Learning Objectives: A set of learning objectives follow the opening vignette and pro- vide a preview of the major themes to be covered in the chapter.
Real-world examples: In an effort to maintain the interest and motivation of the reader, each chapter includes many real-world examples of business managers struggling with the issues covered in the chapter—some successfully, some unsuccessfully. The goal is to help the reader understand the manager’s role in relation to information technology and to discover key learnings they can apply within their organizations.
A Manager Takes Charge: This special feature presents a real-world example of a man- ager taking the initiative to ensure the successful use of IT within his/her organization.
A Manager’s Checklist: Each chapter contains a valuable set of guidelines for future business managers to consider as they weigh IT-related topics, including how they might use IT in the future within their organization.
Chapter Summary: Each chapter includes a helpful summary that highlights the mana- gerial implications and key technical issues of the material presented.
Discussion Questions: A set of thought-provoking questions to stimulate a deeper understanding of the topics covered in the chapter.
Action Memos: Each chapter includes two action memos, which are mini-cases writ- ten in the style of an e-mail or text message, demanding a response, usually in the form of a decision or recommendation. The action memos provide realistic scenarios and test the student’s knowledge, insight and problem-solving capability.
Web-Based Case: Each chapter includes an “open-ended” case that requires students to gather their own research information and do some critical thinking.
xiv Information Technology for Managers
Case Study: Each chapter ends with a challenging real-world case of managers strug- gling with the issues covered in the chapter. These cases are unique because they look at IT from a manager’s perspective, not from an IT technologist’s point of view.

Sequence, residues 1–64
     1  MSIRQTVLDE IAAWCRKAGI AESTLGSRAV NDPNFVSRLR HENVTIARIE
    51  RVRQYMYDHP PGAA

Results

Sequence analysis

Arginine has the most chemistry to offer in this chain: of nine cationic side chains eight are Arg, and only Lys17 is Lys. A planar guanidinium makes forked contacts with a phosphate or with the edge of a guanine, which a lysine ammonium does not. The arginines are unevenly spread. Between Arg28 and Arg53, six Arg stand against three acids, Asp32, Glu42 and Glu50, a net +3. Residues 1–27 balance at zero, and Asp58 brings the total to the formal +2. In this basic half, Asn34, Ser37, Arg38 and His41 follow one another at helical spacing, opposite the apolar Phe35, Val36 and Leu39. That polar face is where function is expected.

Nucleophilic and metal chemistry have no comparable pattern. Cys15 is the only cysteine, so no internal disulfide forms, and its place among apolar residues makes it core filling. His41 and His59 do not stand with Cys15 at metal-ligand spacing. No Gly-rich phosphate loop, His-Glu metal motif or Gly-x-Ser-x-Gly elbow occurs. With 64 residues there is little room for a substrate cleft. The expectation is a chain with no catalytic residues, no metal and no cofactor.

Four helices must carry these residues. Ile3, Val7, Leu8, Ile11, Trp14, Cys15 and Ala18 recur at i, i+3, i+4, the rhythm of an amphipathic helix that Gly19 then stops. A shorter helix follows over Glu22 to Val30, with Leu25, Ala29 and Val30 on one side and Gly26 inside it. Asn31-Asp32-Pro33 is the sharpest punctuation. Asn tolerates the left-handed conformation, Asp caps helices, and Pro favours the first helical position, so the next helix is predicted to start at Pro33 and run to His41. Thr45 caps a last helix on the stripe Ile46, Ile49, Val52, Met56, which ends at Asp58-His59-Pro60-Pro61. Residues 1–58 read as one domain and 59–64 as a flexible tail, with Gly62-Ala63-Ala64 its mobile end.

I N S T R U C T O R R E S O U R C E S
The teaching tools that accompany this text offer many options for enhancing a course. As always, we are committed to providing one of the best teaching resource packages avail- able in this market.
Instructor’s Manual An Instructor’s Manual provides valuable chapter overviews; chapter learning objectives, teaching tips, quick quizzes, class discussion topics, additional projects, additional resources and key terms. It also includes solutions to all end-of-chapter discussion ques- tions, exercises, and case studies.
Test Bank and Test Generator ExamView® is a powerful objective-based test generator that enables instructors to create paper-, LAN- or Web-based tests from test banks designed specifically for their Course Technology text. Instructors can utilize the ultra-efficient QuickTest Wizard to create tests in less than five minutes by taking advantage of Course Technology’s question banks or customizing their own exams from scratch.
PowerPoint Presentations A set of 50 or more Microsoft PowerPoint slides is available for each chapter. These slides are included to serve as a teaching aid for classroom presentation, to be made available to students on the network for chapter review, or to be printed for classroom distribution. The presentations help students focus on the main topics of each chapter, take better notes, and prepare for examinations. The slides are fully customizable. Instructors can either add their own slides for additional topics they introduce to the class or delete slides they won’t be covering.
Figure Files Figure files allow instructors to create their own presentations using figures taken directly from the text.
Blackboard and WebCT Level 1 Online Content. If you use Blackboard or WebCT, the test bank for this textbook is available at no cost in a simple, ready-to-use format. Go to www.cengage.com/coursetechnology and search for this textbook to download the test bank.
A C K N O W L E D G M E N T S
I want to thank all of the folks at Course Technology for their role in bringing this text to market. I offer many thanks to Mary Pat Shaffer and Dan Seiter, my wonderful develop- ment editors, who deserve special recognition for their tireless efforts and encouragement.
Heather Furrow, the Content Product Manager, guided the text through the production process. Thanks also to all the many people who worked behind the scenes to bring this effort to fruition including Charles McCormick, the Senior Acquisitions Editor. Special thanks to Kate Hennessy Mason, the Product Manager, for coordinating the efforts of these many people and keeping things moving forward.
I want to thank two contributors to the text: Ralph Brueggemann for his excellent help in providing material on enterprise architecture as well as his insightful feedback on the early chapters of the text, and Naomi Friedman, who wrote several of the opening vignettes and cases.